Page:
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  • br Materials and methods br Results br Discussion Wound

    2023-09-28


    Materials and methods
    Results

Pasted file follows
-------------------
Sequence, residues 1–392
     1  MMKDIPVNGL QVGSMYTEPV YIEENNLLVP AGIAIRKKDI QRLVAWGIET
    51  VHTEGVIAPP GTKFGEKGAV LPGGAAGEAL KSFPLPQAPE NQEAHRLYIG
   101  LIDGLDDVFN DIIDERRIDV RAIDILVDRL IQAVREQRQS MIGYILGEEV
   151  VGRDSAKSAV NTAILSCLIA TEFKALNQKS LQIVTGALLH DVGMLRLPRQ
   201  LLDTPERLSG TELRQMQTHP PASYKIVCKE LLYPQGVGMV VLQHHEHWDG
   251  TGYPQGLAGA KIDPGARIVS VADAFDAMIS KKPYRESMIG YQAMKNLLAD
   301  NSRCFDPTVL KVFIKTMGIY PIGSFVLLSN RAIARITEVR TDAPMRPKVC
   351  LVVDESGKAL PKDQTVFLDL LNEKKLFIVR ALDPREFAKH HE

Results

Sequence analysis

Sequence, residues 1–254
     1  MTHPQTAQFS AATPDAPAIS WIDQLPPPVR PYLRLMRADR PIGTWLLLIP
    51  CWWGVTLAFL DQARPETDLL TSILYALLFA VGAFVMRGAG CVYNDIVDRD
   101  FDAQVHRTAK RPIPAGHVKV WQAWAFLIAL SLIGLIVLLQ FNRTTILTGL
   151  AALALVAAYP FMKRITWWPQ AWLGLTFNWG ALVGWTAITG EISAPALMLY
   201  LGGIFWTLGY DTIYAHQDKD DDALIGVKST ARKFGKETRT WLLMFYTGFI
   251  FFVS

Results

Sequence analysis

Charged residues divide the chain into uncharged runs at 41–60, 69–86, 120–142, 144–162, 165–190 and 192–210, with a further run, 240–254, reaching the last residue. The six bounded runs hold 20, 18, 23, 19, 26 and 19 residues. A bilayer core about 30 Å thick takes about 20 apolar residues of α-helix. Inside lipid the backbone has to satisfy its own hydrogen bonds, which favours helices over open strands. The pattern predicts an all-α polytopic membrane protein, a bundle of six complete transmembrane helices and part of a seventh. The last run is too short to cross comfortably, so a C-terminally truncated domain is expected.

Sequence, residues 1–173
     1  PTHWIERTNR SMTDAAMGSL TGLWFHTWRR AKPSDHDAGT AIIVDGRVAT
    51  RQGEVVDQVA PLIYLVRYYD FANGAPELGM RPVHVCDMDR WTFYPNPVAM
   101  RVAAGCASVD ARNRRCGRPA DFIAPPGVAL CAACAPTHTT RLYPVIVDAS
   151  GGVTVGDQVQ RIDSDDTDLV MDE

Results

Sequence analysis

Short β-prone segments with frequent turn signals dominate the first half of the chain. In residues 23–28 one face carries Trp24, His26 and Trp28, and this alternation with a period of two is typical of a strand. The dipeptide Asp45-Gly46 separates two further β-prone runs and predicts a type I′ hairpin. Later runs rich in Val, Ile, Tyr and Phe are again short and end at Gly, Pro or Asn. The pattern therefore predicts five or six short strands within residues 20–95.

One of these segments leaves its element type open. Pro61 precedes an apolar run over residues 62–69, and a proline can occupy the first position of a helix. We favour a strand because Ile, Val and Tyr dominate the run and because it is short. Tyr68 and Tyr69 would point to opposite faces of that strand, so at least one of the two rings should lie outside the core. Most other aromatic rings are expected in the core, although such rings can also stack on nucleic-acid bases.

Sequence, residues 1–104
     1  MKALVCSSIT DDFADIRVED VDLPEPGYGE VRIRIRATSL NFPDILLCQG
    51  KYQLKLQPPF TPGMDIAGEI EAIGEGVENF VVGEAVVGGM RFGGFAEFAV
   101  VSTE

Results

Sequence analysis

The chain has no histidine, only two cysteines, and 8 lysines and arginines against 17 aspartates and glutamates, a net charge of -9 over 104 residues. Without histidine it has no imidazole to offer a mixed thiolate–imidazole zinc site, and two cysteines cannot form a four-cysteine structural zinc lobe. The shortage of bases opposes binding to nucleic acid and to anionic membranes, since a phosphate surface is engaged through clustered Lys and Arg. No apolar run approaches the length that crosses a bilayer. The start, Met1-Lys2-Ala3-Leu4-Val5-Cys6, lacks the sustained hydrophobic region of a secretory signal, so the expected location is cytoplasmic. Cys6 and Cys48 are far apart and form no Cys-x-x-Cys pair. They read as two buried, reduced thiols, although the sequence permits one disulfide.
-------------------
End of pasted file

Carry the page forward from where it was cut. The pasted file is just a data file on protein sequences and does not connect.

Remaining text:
Discussion Wound healing of the human cornea is a complex process that requires cell migration and proliferation. Corneal wound healing is characterized by major changes in the composition of the ECM such as a massive transitory secretion of fibronectin combined with a reduction in the secretion of collagens and laminins [43], [44], [45]. This ECM remodeling is required to allow fast migration of corneal epithelial cells in order to rapidly cover the damaged area. In the present study, we used the hTEC as a model to study the signal transduction pathways, and their participating protein mediators, that are involved in corneal wound closure. We demonstrated that expression of a few protein mediators from both the PI3K/Akt and MAPK pathways was altered during wound healing of damaged hTECs. Increased phosphorylation of Akt combined to a reduced phosphorylation of the CREB mediators were among the most striking alterations observed. By supplementing the culture medium of wounded hTECs with both the CREB inhibitor C646 and the Akt agonist SC79, we could considerably accelerate wound closure in our model. A few human models of corneal wound healing have been described [12], [46], [47]. Ex vivo organ culture models [46], [47] take advantage of the native tissue but the limited availability and inter-individual variability restrict the number of analyses that can be performed simultaneously. In contrast, a large number of conditions and amount of treated cells is possible with the scratch assay. However, epithelial cells are in contact with the growth medium that contains numerous supplements and growth factors since HCECs are cultured submerged in the culture medium. The hTEC has the advantage of a 3D structure that renders possible the culture at the air–liquid interface. Under this condition, the medium containing the growth factors is not in direct contact with epithelial cells since it is only present under the reconstructed stroma. Consequently, the epithelium is nourished indirectly, a condition that better mimic the in vivo condition seen with the native cornea. Our gene profiling analyses revealed alterations in the expression of a few genes coding for mediators from both the MAPK and PI3K/Akt pathways, including genes, such as PTK2 and members of the Akt family, whose expression is increased in the central wounds, whereas others, such as CREB, are decreased in wounded hTECs. PTK2 encodes for the kinase FAK (focal adhesion kinase) that is activated through a yet poorly understood mechanism possibly involving FAK clustering, autophosphorylation of FAK at Y397 [48] and a mechanical linkage of integrins to the angiotensin ii receptor blockers cytoskeleton [49]. This increased expression of PTK2 is also consistent with the coordinated increase in the expression of the β1-associated integrins α1, α5, α6 and α11 that we also observed in our wounded hTECs (Supplementary Fig. 3). Under normal circumstances, activation of FAK leads to the downstream activation of the ERK kinases [50], a required step in the activation of a number of transcription factors such as c-Jun [51], AP-1, NFkB, Nrf2 [52] and Sp1 [53]. However, our results demonstrate clearly that phosphorylation of ERK kinases is considerably reduced (more than 18-fold reduction) in the central wound relative to its level in the external area of wounded hTECs. We previously reported that expression of the α5, α6 and α9 integrin subunits were negatively regulated by the transcription factor NFI [54], [55], [56]. Interestingly, Zheng et al. reported that expression of the NFI isoform NFIA was induced in an ERK-dependent manner in mouse neurons [57]. This raises the interesting possibility that the increased expression observed for both the α5 and α6 integrin genes in our wounded hTECs may result, at least in part, from the coordinated reduction in NFI activity in response to a reduction in ERK activation. The kinase arrays conducted in this study demonstrated that both the activation of Akt and the suppression of the CREB activity are required in order to ensure proper wound closure of punch-damaged hTECs. Phosphorylated Akt as being involved in wound healing is no surprise. Akt, also referred to as protein kinase B, is a serine threonine kinase that plays many critical roles in biological processes such as cell survival, proliferation, migration, angiogenesis and metabolism. It is activated downstream of phosphatidylinositol 3-kinase (PI3K) [58] by a variety of growth factors and cytokines. The upregulated levels of Akt that have been reported in exaggerated wound-healing responses [59], together with decreased Akt signaling in chronic, non-healing wounds [60] all point to the central role played by Akt in wound healing. Indeed, Xiao et al. recently demonstrated that treatment of dorsal skin wounded C57BL/6 mice with ozone oil facilitated the wound healing by increasing fibroblast migration via PI3K/Akt/mTOR signaling pathway in vivo[61]. Similar observations were also reported for wound healing of the rat skin, the impaired wound healing observed for the skin of diabetic rats being reported to result from a dysfunction in the Akt/mTOR pathway [62]. Most interestingly, high glucose was reported to suppress Akt phosphorylation in a ROS sensitive manner, a process that also delayed corneal epithelial wound healing in the porcine cornea [63]. On the other hand, much less is known about the impact CREB phosphorylation has on wound healing. We initially thought that the negative action of phosphorylated CREB on HCECs proliferation in wounded hTECs could rely on its ability to increase the expression of the antiproliferative molecule p21 as target sites for CREB have been identified in the promoter region of the p21 gene [64]. However, close comparison of the microarray data between the external region and central wound revealed no significant variation in the expression of the p21 gene (Supplementary Table 2). Somehow consistent with our results, CREB phosphorylated at its serine 133 residue has been recently found to act as a negative regulator of PDGF-BB-stimulated vascular smooth muscle cells (VSMCs) proliferation [65]. Similarly, a migration-inhibitory function for CREB was also reported in glioma cells, a process that apparently depends on a CREB-miR-9 negative feedback minicircuitry [66]. Interestingly, CREB was found to simultaneously play a pro-proliferative and anti-migratory role in such cells, a process described by these authors as the “go or grow” process. Suppression of CREB by miR-150, that also demonstrates the ability to also suppress expression of EP300, was reported to increase migration and invasiveness of HCT116 cells, a mechanism that could also be reproduced by knocking-down CREB expression by CRISPR/Cas9 [67]. However, and to our knowledge, we are the first to demonstrate that both these mechanisms (suppression and activation of CREB and Akt activities, respectively) occur simultaneously while wound healing of hTECs is proceeding.